- – Proactively developing and implementing their own climate strategies
- – Adopting a life cycle approach which involves further minimizing their carbon footprint…
- – Integrating “environmental externalities” into corporate strategies… and
- – Establishing new business models to reduce emissions at the same time as creating shared value for society as a whole.
But, as ICC, we recognize that much more needs to be done to meet the climate challenge.
We need to turn potential and aspiration into action through enhanced collaboration.
Businesses, for instance, can look to further and strengthen collaboration between themselves to reduce emissions both in supply chains and at sectoral level.
We also see potential-if the right incentives are put in place-to establish large-scale, cross-sectoral partnerships that accelerate and scale up transformational technology solutions.
But we also need the public sector-governments-to engage and collaborate with business in an unprecedented way…
For instance by:
- – Creating new platforms for research and education cooperation… and public-private partnerships.
- – Consulting with business to identify priority areas where mitigation action has the greatest net benefit…
- – Establishing public funds targeted at leveraging private sector finance… and by
- – Providing opportunities for business to engage with policymakers to leverage their technical expertise in mitigation and adaptation options, technology, research and finance.
This latter point is especially important… And that’s why ICC is calling on governments to establish a recognized role for business in the implementation of any new climate agreement.
Our message is clear:
- – The better you engage the private sector…
- – The more effective the global response to climate change will be.
To give an example…
The business advisory panel of the Green Climate Fund is a good start on how better engage the private sector and leverage its expertise and resources.
But a limited advisory role for business along these lines will not be enough for the broadened ambition of the Paris agreement.
That’s why we think the new climate agreement must include a recognized substantive role for the private sector…
And ICC stands ready to work with governments and the UN to develop a mutually beneficial interface of this kind.
So that takes us neatly to the nature of the Paris agreement and the need for a robust global framework that that can transform market failures into market opportunities….
Providing a platform for smart and intelligent regulation to create a stable, predictable environment where businesses can properly plan and invest for a sustainable future.
And we believe that business self-regulation also has a key role to play.
At a minimum the future global architecture should incorporate:
- – an inclusive, long term UNFCCC agreement…
- – with ambitious national commitments, or I-N-D-Cs
- – and reliable accounting and reporting frameworks to measure emissions reductions.
It should also encompass….
- – global, robust and stable market mechanisms, such as carbon pricing schemes, to achieve global net emissions reductions at the lowest possible economic cost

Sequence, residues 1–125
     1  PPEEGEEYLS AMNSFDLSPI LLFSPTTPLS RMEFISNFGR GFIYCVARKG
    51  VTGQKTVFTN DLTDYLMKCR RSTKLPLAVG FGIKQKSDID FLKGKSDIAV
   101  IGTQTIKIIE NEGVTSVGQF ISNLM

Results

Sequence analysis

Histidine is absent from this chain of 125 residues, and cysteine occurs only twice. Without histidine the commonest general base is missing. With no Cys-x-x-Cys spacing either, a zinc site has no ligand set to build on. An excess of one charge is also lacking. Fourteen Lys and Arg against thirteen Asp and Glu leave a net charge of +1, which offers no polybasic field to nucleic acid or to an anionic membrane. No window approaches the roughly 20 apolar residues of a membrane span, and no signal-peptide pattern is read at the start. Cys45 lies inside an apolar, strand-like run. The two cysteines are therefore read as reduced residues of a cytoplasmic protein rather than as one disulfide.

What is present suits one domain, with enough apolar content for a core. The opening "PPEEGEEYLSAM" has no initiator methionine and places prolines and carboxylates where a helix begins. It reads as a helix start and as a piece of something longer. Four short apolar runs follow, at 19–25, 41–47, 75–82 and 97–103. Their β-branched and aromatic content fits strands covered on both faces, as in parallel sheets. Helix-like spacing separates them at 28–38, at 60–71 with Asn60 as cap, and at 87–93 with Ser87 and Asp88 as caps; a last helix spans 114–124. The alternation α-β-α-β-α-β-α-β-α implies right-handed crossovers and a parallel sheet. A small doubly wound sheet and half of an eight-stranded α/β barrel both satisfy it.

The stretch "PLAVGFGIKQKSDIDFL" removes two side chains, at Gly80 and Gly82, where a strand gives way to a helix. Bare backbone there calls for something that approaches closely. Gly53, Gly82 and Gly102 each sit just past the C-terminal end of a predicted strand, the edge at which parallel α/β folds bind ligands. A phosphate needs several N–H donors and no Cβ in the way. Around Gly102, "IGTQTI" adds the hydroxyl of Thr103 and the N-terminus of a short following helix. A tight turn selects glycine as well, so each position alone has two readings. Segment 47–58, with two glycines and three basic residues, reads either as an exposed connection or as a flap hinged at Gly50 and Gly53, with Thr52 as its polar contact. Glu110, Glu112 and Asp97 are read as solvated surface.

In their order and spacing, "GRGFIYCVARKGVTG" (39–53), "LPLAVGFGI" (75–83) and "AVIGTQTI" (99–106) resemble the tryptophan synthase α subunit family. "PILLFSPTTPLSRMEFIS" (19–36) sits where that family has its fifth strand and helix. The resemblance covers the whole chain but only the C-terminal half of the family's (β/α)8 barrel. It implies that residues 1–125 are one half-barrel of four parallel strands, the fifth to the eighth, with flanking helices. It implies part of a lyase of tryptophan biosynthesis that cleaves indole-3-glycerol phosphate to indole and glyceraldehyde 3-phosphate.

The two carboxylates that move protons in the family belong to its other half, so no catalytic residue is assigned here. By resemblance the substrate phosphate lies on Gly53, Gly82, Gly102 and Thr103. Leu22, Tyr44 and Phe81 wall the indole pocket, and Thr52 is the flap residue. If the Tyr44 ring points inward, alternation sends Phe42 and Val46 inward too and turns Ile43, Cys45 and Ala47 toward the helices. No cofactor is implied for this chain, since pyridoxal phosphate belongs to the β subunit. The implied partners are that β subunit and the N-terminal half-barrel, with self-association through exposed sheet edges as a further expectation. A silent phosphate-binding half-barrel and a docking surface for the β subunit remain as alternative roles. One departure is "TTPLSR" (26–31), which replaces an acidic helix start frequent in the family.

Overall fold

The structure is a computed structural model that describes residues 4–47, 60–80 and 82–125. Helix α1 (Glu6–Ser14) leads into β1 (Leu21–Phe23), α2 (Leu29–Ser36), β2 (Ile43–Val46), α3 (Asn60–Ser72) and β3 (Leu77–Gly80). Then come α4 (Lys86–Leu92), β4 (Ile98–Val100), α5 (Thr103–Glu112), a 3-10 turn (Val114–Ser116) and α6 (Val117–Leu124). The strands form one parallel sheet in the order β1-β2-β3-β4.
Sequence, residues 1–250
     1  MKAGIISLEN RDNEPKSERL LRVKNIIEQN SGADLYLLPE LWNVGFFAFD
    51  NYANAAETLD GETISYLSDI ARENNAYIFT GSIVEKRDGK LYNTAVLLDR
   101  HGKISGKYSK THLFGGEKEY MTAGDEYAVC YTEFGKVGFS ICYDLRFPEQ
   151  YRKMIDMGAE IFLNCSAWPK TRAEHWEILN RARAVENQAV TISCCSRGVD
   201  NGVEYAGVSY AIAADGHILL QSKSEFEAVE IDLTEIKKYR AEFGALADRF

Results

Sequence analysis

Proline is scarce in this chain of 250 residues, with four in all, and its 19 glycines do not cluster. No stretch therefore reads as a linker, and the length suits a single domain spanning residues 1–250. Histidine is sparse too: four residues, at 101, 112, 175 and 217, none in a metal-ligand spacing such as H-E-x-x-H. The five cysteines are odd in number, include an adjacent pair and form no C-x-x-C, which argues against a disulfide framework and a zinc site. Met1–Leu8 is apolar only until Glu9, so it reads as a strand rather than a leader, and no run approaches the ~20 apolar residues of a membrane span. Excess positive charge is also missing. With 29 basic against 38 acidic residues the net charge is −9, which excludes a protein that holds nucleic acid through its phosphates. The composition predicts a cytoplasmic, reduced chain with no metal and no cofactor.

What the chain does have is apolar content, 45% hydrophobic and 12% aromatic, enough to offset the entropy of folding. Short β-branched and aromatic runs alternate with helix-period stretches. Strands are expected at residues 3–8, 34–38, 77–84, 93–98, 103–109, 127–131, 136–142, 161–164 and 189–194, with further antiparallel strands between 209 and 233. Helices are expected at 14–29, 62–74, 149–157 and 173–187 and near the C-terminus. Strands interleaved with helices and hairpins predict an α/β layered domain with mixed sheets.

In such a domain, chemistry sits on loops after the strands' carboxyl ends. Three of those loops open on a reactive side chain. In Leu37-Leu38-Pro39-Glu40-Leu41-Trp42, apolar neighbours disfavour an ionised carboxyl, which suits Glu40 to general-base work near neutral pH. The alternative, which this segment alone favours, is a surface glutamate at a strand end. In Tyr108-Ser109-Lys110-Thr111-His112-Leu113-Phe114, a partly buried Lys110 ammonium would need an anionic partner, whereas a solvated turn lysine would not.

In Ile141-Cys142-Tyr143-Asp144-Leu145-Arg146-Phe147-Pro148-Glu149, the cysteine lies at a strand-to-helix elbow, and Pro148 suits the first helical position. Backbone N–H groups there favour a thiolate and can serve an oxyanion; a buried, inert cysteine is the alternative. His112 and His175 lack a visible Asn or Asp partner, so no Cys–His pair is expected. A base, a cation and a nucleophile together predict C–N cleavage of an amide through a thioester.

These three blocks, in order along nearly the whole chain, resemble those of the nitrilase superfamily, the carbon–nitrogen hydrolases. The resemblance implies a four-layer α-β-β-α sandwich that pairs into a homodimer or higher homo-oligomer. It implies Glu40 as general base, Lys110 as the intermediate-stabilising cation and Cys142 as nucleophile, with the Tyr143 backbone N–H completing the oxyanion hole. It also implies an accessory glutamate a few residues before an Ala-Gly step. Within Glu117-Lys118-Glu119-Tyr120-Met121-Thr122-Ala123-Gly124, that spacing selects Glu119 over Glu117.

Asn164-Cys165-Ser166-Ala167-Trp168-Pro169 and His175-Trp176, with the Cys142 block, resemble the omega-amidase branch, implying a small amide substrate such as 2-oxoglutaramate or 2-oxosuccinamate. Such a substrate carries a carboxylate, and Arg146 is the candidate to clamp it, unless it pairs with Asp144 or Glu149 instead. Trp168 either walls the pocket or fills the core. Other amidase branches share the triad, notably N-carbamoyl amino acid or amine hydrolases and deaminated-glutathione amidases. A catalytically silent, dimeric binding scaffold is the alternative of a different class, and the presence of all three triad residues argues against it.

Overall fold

- – and mechanisms to de-risk investment in climate friendly technologies, especially in developing countries… and to scale up technology development and innovation.
In the run up to COP21 we’ll be engaging our network in more than 130 countries to help secure a deal that works with business to address fully the climate challenge.
To the businesses in the audience I have one simple message: please work with us-through our excellent Mexican national committee-to secure the deal that we all need.
We should also recognize the role of other policy processes outside the UNFCCC.
In this connection, it’s important that we recognize the strategic importance of trade policy as a tool to meet the climate challenge.
There are three key reasons why trade is important…
First, trade openness can help efforts to mitigate and adapt to climate change. For example by promoting an efficient allocation of the world’s resources including natural resources.
Second, trade plays a key role in raising standards of living-particularly for the world’s poorest-which in turn drives demand for better environmental quality.
And third: trade policy has a central role to play in improving access to environmental goods and services.
The global market for environmental goods and services is currently estimated to be worth more than €1trillion a year… But green goods still face significant tariff barriers globally… with tariffs on some products as high as 35 percent.
Eliminating these tariffs could see “green trade” double by 2020 according to some estimates… potentially increasing trade in renewable energy products by some 20 percent.
That’s why we are supporting the rapid conclusion of ongoing WTO negotiations to establish an Environmental Goods Agreement that could eliminate tariffs on green technologies.
Concluding the agreement this year would be one of the most concrete, immediate contributions that governments can make to protect our environment and address climate change.
We all have an interest in seeing this deal secured this December at the WTO’s next ministerial Conference alongside a robust outcome to COP21.
Again: we need to work together to make that happen.
I look forward to our discussions today to map out opportunities for governments and businesses to work together to build a share agenda of solutions and actions.
Thank you all for making the time to attend the Dialogue. Our discussions are genuinely important-to our future businesses… but also to the planet as a whole.